Breaking News

Tweet TWEET

San Francisco Transit Unions Delay Strike as Talks Continue

Bay Area Rapid Transit unions said there would be no strike today as a cooling-off period expired and talks on a new contract were extended past the deadline.

A walkout would disrupt travel for about 400,000 daily riders for the second time in three months.

“We will continue bargaining through the weekend,” Service Employees International Union Local 1021 said in a statement on its website. It set a new deadline of midnight Oct. 13, before the Monday commute.

BART, as the fifth-largest U.S. commuter-rail system is known, connects the San Francisco-Oakland region and San Francisco International Airport. The unions walked out for four days in July after their contract expired, costing the Bay Area economy $70 million, San Francisco Mayor Ed Lee said in August.

“The trains will be running while we continue to negotiate,” Rick Rice, a BART spokesman, said in a statement.

A strike would force thousands of BART riders to switch to cars, jamming freeways, stay home or join long lines for buses and ferries as they did in July.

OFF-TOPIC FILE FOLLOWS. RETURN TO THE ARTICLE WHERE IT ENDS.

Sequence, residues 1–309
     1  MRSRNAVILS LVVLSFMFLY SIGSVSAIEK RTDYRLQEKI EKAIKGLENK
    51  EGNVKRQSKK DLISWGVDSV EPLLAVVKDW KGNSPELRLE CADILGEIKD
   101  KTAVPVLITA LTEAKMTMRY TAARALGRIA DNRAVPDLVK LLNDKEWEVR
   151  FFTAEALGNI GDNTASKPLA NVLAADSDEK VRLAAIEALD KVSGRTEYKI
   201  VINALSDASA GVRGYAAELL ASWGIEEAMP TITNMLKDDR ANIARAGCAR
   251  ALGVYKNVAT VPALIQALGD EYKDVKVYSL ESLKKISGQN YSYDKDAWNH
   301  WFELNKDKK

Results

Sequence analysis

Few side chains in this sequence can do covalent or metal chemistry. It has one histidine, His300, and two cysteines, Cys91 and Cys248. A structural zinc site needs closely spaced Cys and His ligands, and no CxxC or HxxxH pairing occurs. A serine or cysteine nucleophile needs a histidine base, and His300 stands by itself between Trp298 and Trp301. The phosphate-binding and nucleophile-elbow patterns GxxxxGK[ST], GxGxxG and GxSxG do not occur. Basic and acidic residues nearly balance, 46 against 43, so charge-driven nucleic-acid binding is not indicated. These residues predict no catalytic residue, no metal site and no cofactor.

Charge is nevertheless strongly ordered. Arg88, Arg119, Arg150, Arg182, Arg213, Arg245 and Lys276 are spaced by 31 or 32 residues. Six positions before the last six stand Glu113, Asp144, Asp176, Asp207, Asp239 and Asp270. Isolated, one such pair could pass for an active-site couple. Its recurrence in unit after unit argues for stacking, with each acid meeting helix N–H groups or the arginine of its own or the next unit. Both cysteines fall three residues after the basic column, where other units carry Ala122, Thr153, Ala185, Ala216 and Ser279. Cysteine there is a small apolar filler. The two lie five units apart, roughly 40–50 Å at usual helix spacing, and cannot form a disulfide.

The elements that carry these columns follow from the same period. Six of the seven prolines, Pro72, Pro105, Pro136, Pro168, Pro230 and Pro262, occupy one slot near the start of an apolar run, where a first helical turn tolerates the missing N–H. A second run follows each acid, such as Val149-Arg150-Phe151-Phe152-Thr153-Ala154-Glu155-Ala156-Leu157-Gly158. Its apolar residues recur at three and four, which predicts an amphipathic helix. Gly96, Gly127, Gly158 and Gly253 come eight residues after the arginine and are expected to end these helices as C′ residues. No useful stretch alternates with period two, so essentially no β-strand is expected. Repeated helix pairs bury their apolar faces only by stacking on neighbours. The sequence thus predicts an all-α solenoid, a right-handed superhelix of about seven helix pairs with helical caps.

While the strikers returned temporarily in August, the unions threated to resume their job action. That was blocked when a state judge in San Francisco approved a 60-day cooling-off period at the request of Governor Jerry Brown, a 75-year-old Democrat. The stay expired last night.

About 3,250 people work for BART, which pays an average of $79,500 a year to its employees, who also receive $50,800 in benefits annually, according to the agency’s website.

BART’s major unions are SEIU, representing mechanics and clerical employees, and the Amalgamated Transit Union, which bargains for train operators and station agents.

To contact the reporter on this story: Alison Vekshin in San Francisco at avekshin@bloomberg.net

To contact the editor responsible for this story: Stephen Merelman at smerelman@bloomberg.net

Bloomberg reserves the right to remove comments but is under no obligation to do so, or to explain individual moderation decisions.

Please enable JavaScript to view the comments powered by Disqus.